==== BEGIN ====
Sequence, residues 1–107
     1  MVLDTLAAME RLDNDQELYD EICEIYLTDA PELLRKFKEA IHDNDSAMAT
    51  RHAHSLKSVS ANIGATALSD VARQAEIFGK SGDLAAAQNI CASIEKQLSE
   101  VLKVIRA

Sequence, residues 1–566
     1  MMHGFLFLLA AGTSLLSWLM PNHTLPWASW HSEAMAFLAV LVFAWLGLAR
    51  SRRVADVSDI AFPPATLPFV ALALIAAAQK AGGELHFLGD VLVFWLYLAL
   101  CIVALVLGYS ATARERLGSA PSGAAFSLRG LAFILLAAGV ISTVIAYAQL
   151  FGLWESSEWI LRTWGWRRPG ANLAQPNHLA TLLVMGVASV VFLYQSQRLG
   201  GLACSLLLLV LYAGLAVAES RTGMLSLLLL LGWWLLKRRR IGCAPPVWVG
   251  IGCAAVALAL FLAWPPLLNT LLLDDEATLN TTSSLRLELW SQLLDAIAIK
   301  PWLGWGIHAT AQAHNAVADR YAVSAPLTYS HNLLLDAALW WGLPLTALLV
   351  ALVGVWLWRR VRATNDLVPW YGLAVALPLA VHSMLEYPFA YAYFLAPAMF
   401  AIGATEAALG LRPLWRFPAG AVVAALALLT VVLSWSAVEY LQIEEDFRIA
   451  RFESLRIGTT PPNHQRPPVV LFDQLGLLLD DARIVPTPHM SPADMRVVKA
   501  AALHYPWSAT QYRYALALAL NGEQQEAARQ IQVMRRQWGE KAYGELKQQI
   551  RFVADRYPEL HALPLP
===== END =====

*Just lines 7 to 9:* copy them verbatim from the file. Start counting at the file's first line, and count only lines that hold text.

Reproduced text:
    51  SRRVADVSDI AFPPATLPFV ALALIAAAQK AGGELHFLGD VLVFWLYLAL
   101  CIVALVLGYS ATARERLGSA PSGAAFSLRG LAFILLAAGV ISTVIAYAQL
   151  FGLWESSEWI LRTWGWRRPG ANLAQPNHLA TLLVMGVASV VFLYQSQRLG